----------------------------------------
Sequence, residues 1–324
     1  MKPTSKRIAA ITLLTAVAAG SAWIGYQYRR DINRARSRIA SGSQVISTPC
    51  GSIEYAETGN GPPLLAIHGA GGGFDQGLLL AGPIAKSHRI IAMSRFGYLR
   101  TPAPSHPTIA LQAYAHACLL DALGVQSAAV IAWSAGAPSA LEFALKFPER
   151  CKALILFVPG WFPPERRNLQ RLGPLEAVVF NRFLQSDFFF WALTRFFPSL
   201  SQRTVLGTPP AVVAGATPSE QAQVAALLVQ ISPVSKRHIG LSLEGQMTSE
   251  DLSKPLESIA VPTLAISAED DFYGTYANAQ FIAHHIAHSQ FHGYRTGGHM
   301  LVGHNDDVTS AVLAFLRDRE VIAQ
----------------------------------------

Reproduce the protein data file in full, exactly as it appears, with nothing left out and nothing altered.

Sequence, residues 1–324
     1  MKPTSKRIAA ITLLTAVAAG SAWIGYQYRR DINRARSRIA SGSQVISTPC
    51  GSIEYAETGN GPPLLAIHGA GGGFDQGLLL AGPIAKSHRI IAMSRFGYLR
   101  TPAPSHPTIA LQAYAHACLL DALGVQSAAV IAWSAGAPSA LEFALKFPER
   151  CKALILFVPG WFPPERRNLQ RLGPLEAVVF NRFLQSDFFF WALTRFFPSL
   201  SQRTVLGTPP AVVAGATPSE QAQVAALLVQ ISPVSKRHIG LSLEGQMTSE
   251  DLSKPLESIA VPTLAISAED DFYGTYANAQ FIAHHIAHSQ FHGYRTGGHM
   301  LVGHNDDVTS AVLAFLRDRE VIAQ